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Gold hovered around the break-even $970 mark through Hong Kong, London and the New York session past the noon hour, but then suddenly shifted gears and rose through the rest of the Comex and the Globex, finishing a second straight solid day at $983.50/oz., up $14.00. Overnight, gold has slipped lower.
Platinum broke past $1110 in European trading, then toyed with $1100 for the rest of the day, finally ending just short of it at $1099/oz., up $12. Overnight, platinum has fallen off.
Silver was in positive territory for nearly the whole day, wobbling between $14.10 and $14.30, before finding firm ground in the afternoon hours and closing at $14.34/oz., up 23 cents. Overnight, silver is trending lower.
The precious metals followed Tuesday's banner day with another strong effort, with all of them well into the green. And again, as on the previous day, gold advanced despite lack of cooperation from the usual suspects, as the dollar strengthened and crude slipped slightly lower.
Gold appears to be setting an emphatic punctuation point on its safe haven status as it decouples from the influences that have been its driving factors for such a long time.
Bulls are yakking it up. With gold now within spitting distance of its alltime high of $1003, the chat can become self-reinforcing. As Kitco's Jon Nadler put it, talk of gunning for the $1,000 level should keep buyers at the helm.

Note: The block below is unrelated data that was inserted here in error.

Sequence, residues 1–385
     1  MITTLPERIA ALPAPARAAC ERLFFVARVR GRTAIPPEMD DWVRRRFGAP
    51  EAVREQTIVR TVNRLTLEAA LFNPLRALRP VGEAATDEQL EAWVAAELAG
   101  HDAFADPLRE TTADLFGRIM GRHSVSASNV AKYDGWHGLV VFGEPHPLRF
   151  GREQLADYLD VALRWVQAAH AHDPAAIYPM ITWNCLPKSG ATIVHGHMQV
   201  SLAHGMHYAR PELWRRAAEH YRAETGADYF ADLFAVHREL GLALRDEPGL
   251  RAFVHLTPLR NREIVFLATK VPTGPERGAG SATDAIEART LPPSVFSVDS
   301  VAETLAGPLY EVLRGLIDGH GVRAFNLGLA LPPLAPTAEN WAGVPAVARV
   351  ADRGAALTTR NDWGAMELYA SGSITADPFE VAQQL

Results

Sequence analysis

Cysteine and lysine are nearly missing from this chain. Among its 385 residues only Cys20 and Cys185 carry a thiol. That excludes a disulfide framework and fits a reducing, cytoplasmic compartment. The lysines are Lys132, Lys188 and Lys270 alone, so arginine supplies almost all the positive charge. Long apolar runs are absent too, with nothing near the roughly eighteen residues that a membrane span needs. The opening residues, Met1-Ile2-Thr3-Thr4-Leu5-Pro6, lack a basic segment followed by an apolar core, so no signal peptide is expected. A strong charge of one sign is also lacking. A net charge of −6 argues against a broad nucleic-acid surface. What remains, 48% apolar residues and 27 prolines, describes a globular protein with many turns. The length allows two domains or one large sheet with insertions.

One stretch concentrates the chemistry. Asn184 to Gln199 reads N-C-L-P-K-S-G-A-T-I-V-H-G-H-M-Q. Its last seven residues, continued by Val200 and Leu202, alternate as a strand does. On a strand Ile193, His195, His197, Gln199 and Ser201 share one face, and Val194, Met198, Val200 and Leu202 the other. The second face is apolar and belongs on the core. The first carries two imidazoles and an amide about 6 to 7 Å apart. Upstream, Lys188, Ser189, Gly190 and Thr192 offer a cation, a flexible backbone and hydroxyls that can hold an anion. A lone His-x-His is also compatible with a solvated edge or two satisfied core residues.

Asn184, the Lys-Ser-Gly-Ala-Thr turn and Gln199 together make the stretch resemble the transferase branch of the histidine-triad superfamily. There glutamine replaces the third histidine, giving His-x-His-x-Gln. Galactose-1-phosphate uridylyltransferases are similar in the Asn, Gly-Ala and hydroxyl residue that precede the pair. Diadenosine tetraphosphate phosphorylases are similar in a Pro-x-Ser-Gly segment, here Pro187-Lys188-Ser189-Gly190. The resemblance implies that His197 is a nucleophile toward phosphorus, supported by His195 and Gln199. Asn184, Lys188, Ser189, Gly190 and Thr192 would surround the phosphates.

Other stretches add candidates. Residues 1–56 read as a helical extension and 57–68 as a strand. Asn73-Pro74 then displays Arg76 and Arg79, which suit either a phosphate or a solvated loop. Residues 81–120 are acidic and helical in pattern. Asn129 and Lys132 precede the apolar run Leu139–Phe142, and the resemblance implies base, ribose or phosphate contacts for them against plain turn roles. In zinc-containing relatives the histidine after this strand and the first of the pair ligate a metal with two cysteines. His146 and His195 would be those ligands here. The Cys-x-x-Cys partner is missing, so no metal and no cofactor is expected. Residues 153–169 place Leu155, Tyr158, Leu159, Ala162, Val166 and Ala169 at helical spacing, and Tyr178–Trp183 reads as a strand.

Investment in the SPDR Gold Trust, the biggest exchange-traded fund backed by bullion, is still going gangbusters, too. GLD holdings shot past the 1,000 metric ton mark yesterday, to a record 1,008.8 tons, or better than 32.4 million ounces.
Overall, worldwide gold demand surged 26% to 1,036.5 metric tons (more than 33.3 million ounces) in 4Q08 as the financial crisis spread and every other asset tanked, the World Gold Council said yesterday in its quarterly report.
The WGC also reported that for all of 2008, the flight to quality pushed dollar demand for gold past the $100 billion mark for the first time ever, to $102B. That was a 29% increase over year-earlier levels.
As stock markets shed an estimated $14 trillion in '08, identifiable investment demand for gold, which incorporates exchange traded funds (ETFs), bars and coins, was 64% higher than in 2007, the WGC said, and gold's price averaged out to $872 over the year, up 25% from '07's $695.
Currencies and Economic News
In the currency market, the dollar rose against the euro. Late Wednesday, the euro was trading at $1.255 vs. $1.2622 on Tuesday.